Paul Auster’s life has always moved between the two cities that shaped his life: New York and Paris. When he was young and before the success of his books, he held multiple jobs in both cities. He made his first attempts at working in film. Auster worked at a gas station, and later he decided to work as a translator in France. He focused on important authors such as Mallarmé, Jean-Paul Sartre, or Simenon.
He published his first novel Squeeze Play (1984), using the pseudonym Paul Benjamin. It wasn’t very successful, but he didn’t give up. It wasn’t until his father passed away that Auster was able to dedicate himself fully to writing. He inherited a modest sum of money that allowed him to write about that sense of loss in his memoir, The Invention of Solitude.
In 1981, he met novelist Siri Hustvedt, and they later married. This fruitful and creative time in Auster’s life produced the City of Glass trilogy (later renamed the New York trilogy). The books were a resounding success, and the name Paul Auster started to mean something to publishers all over the country. Later, he wrote Mr. Vertigo and Moon Palace.
Awards and recognition
In 1993, Paul Auster received the French Prix Medicis for his novel Leviathan. The 90s were a particularly fruitful time for the author who, as we mentioned above, loved movies as much as he loved literature. His short story, Auggie Wren’s Christmas Story was adapted for film. Later, he wrote Smoke and Blue in the Face, which premiered in theaters in 1996. Critics haven’t always been supportive of his attempts at filmmaking, however.
Between 1999 and 2005, he wrote Timbuktu, The Book of Illusions, Oracle Night, and The Brooklyn Follies. These novels show his maturity and sensitivity but always maintain a strong narrative structure. In 2006, he won the Prince of Asturias Award for literature.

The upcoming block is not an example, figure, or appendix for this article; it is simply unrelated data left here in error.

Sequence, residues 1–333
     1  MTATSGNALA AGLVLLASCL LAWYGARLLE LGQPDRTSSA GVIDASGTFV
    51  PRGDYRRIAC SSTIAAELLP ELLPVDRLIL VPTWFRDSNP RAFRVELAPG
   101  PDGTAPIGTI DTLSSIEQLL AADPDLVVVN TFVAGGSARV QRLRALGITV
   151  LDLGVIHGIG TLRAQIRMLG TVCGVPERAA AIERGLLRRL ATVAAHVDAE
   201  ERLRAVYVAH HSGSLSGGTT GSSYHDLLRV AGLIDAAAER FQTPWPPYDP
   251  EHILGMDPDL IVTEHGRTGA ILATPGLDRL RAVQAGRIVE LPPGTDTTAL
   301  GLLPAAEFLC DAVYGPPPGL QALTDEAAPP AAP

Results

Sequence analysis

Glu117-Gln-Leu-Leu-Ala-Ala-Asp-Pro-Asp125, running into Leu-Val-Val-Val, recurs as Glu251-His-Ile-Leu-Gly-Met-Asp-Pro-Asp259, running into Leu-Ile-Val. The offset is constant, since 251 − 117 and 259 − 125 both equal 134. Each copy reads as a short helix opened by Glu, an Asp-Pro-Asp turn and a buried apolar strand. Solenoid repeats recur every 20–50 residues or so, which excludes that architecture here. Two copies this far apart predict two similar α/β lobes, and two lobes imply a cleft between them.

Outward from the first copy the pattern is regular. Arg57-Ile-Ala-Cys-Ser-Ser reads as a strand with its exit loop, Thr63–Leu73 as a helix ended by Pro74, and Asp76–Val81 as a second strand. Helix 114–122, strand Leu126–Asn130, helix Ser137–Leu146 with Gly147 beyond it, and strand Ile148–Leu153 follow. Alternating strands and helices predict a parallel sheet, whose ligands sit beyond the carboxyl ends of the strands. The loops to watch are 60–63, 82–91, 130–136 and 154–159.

Paul Auster’s style
Paul Auster writes about fate, love, destiny, and the most humdrum day-to-day things that lead to fascinating events. His style seems simple at first, but the interlacing stories, the types of narrators he uses, the way the narrative splits at times, etc., gives his books a complex and ultimately perfectly magical structure.
Something that people often speculate about in reference to Paul Auster is whether or not he writes himself into his characters. Many readers suspect that he does. In the New York Trilogy, for example, one of his characters is named Paul. The narrator of Leviathan has his initials (Peter Aaron). In Oracle Night, one of his characters is named Trause (an anagram of Auster).
These enigmatic touches are fascinating and charming. To read Auster is to share his love for books. As he says, reading is a way to touch people’s lives and feed our empathy. His novels reveal human complexity, which helps the reader learn more about themselves, and survive in their own way.
An admirer of Kafka, lover of France and New York, Auster is a literary reference that deserves a place in your personal collection. About two years ago, he gifted the world his new novel, 4321, which he started writing when he was 66, which is how old his father was when he died. We hope that these 866 exceptional pages aren’t the last we’ll see from this brilliant author.
We’ll be patiently waiting…It might interest you...